Ilya Glazunov. Unknown Woman.
Mysterious Lady (at the restaurant).
1980. Paper, black oiled chalk, pastels.
Illustration to a poem of Alexander Blok.
As a young man, Glazunov numbered Aleksander Blok among his favorite poets, after Pushkin and Lermontov. Once again we have mysterious St. Petersburg, only now it is Blok’s creation, and not Dostoyevsky’s, Pushkin’s or Gogol’s. Many critics consider Glazunov’s illustrations of Blok’s “Verses about the Beautiful Lady” to be the finest illustrations of the works of the great and tragic voice of the “Silver Age of Russian Poetry.”
24 April 1906, Ozerki
Above the restaurants in the evenings
The sultry air is wild and still,
And the decaying breath of spring
Drives drunken shouting.
Above the dusty distant lanes
The boredom of summer homes,
The baker's gold sign barely shines
And a child's crying rings out.
Each night, beyond the crossing gates,
With bowler hats tipped rakishly,
The practiced wits stroll with
Among the drainage ditches.
Out on the lake, oarlocks creak
And a woman starts to squeal,
While up in the sky, inured to it all,
The moon's disk senselessly leers.
Each night my solitary friend
Is reflected in my glass,
Made meek and reeling, like myself,
By the mysterious, astringent liquid.
And drowsy lackeys lounge about
Beside the adjacent tables
While drunks with rabbit eyes cry out
"In vino veritas!"
And each night at a certain hour
(Or am I only dreaming it?),
A girl's figure, swathed in silk,
Moves across the misty window.
And slowly passing among the drunks,
Always alone and unescorted,
Wafting a breath of perfume and mist,
She takes a table by the window.
And an air of ancient legend
Wreaths her resilient silks,
Her hat with its funereal plumes,
And her slender ringed hand.
And entranced by this strange nearness,
I look through her dark veil,
And see an enchanted shore
And a horizon enchanted.
Deep secrets are entrusted to me,
Someone's sun is in my care,
And at every turn, astringent wine
Pierces my soul.
And drooping ostrich plumes
Waver in my brain,
And fathomless blue eyes
Bloom on the distant shore.
A treasure lies in my soul,
And the key belongs to me alone!
You are correct, you drunken fiend!
I know it: wine brings truth.
A. Wachtel, I. Kutik and M. Denner
Glazunov was born and raised in the blocks of the so-called Petrogradskaya Storona (Petrograd Side) of the city, which is inseparably linked with the work of the symbolist poet. “As much as I love and understand Blok’s pre-revolutionary work, I am unable to understand how he could go to Smolny (headquarters of the October Revolution) with that ruffian Mayakovsky and propose to his fellow-countrymen that they ‘listen to the music of the revolution.’ Now”, says the artist, “reading through Blok’s works once again, I find theosophical influences that are foreign to me, and I simply cannot agree with the proposition that we Russians are Scythians – Asians with slanted, greedy eyes.” Nonetheless, Glazunov’s illustrations of Aleksander Blok are just as complex, mysterious and beautiful as the famous poet’s verses which gave birth to an epoch in Russian literature.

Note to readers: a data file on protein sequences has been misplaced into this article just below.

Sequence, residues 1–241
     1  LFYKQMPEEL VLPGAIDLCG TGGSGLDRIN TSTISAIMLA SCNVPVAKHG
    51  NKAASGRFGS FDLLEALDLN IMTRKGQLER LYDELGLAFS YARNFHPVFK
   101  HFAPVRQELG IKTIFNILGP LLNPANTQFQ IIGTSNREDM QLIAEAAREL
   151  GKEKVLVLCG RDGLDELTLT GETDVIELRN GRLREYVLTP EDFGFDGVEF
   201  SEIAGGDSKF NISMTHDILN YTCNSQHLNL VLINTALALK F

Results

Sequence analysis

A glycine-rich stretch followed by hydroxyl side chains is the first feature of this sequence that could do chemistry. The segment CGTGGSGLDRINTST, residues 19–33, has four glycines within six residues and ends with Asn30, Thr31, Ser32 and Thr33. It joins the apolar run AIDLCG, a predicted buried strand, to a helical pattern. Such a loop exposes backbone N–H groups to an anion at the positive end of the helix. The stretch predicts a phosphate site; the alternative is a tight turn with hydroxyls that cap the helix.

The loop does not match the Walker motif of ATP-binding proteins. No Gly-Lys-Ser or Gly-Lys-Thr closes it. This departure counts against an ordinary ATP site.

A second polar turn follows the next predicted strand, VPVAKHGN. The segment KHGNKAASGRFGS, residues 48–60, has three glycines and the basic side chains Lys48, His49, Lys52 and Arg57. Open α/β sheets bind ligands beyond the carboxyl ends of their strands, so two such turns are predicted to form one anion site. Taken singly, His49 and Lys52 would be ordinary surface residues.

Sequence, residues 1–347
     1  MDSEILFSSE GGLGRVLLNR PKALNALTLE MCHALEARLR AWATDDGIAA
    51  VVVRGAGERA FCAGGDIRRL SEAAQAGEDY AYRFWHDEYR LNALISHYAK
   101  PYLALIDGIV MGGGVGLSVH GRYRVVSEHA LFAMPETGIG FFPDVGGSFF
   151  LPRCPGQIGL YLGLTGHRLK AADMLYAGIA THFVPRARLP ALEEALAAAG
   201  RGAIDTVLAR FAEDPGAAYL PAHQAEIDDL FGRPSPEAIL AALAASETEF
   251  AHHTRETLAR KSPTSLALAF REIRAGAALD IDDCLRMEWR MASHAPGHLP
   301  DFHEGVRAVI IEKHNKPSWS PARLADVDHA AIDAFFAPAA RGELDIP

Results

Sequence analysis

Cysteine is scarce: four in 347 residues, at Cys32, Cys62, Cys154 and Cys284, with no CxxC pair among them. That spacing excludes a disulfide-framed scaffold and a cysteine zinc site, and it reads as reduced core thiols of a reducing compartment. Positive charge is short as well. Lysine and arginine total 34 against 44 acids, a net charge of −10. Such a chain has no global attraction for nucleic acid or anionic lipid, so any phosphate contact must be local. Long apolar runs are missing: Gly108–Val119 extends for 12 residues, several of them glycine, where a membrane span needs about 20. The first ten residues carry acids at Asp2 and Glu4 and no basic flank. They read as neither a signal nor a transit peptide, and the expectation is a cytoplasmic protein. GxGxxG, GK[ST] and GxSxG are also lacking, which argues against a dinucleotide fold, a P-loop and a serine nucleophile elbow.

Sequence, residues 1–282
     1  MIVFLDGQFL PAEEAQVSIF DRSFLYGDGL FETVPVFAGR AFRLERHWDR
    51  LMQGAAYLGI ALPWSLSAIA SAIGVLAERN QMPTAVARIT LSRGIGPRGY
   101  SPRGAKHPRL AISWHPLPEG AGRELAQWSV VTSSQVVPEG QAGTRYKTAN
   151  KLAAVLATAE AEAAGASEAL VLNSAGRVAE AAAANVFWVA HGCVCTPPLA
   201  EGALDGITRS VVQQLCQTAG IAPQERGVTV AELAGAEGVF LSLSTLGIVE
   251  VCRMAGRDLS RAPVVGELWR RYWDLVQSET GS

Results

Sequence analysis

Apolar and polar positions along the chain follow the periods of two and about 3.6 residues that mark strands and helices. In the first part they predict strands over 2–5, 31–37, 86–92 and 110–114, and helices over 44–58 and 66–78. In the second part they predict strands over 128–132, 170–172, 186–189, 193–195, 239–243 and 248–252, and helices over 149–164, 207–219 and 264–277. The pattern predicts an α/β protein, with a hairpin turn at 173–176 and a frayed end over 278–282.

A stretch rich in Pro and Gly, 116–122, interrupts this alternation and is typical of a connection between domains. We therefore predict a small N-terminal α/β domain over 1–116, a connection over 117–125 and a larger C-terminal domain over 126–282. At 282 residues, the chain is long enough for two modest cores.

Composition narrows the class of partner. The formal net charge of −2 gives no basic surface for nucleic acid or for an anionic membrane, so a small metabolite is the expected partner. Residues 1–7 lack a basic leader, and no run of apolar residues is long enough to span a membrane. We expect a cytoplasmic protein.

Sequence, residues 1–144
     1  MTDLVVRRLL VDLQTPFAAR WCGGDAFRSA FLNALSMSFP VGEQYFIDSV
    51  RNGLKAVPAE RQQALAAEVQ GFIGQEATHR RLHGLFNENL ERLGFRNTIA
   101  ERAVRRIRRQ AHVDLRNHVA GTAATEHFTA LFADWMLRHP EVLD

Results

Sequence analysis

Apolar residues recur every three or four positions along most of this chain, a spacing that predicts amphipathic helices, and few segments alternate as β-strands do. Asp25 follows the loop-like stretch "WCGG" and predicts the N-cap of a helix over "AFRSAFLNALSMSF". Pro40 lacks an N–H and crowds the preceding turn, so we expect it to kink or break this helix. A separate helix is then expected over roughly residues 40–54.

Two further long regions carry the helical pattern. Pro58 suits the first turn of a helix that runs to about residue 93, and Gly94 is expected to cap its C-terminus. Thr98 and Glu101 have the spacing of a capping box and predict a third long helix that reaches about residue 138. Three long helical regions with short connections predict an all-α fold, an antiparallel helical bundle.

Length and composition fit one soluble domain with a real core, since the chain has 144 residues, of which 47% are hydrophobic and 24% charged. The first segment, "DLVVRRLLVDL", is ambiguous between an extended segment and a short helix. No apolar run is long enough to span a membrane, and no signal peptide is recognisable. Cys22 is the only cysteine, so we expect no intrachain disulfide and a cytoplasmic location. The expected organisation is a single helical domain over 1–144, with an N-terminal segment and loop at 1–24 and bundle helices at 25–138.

January 30 1918
You are millions. We are hordes and hordes
Try and take us on!
Yes, we are Scythians! Yes, we are Asians -
With slanted and greedy eyes!
For you, the ages, for us a single hour.
We, like obedient slaves,
Held up a shield between two enemy races -
The Tatars and Europe!
For ages and ages your old furnace raged
And drowned out the roar of avalanches,
And Lisbon and Messina's fall
To you was but a monstrous fairy tale!
For hundreds of years you gazed at the East,
Storing up and melting down our jewels,
And, jeering, you merely counted the days
Until your cannons you could point at us!
The time is come. Trouble beats its wings -
And every day our grudges grow,
And the day will come when every trace
Of your Paestums may vanish!
O, old world! While you still survive,
While you still suffer your sweet torture,
Come to a halt, sage as Oedipus,
Before the ancient riddle of the Sphinx!..
Russia is a Sphinx. Rejoicing, grieving,
And drenched in black blood,
It gazes, gazes, gazes at you,
With hatred and with love!..
It has been ages since you've loved
As our blood still loves!
You have forgotten that there is a love
That can destroy and burn!
We love all- the heat of cold numbers,
The gift of divine visions,
We understand all- sharp Gallic sense
And gloomy Teutonic genius...
We remember all- the hell of Parisian streets,
And Venetian chills,
The distant aroma of lemon groves
And the smoky towers of Cologne...
We love the flesh - its flavor and its color,
And the stifling, mortal scent of flesh...
Is it our fault if your skeleton cracks
In our heavy, tender paws?
When pulling back on the reins
Of playful, high-spirited horses,
It is our custom to break their heavy backs
And tame the stubborn slave girls...
Come to us! Leave the horrors of war,
And come to our peaceful embrace!
Before it's too late - sheathe your old sword,
Comrades! We shall be brothers!
But if not - we have nothing to lose,
And we are not above treachery!
For ages and ages you will be cursed
By your sickly, belated offspring!
Throughout the woods and thickets
In front of pretty Europe
We will spread out! We'll turn to you
With our Asian muzzles.
Come everyone, come to the Urals!
We're clearing a battlefield there
Between steel machines breathing integrals
And the wild Tatar Horde!
But we are no longer your shield,
Henceforth we'll not do battle!
As mortal battles rages we'll watch
With our narrow eyes!
We will not lift a finger when the cruel Huns
Rummage the pockets of corpses,
Burn cities, drive cattle into churches,
And roast the meat of our white brothers!..
Come to your senses for the last time, old world!
Our barbaric lyre is calling you
One final time, to a joyous brotherly feast
To a brotherly feast of labor and of peace!
A. Wachtel, I. Kutik and M. Denner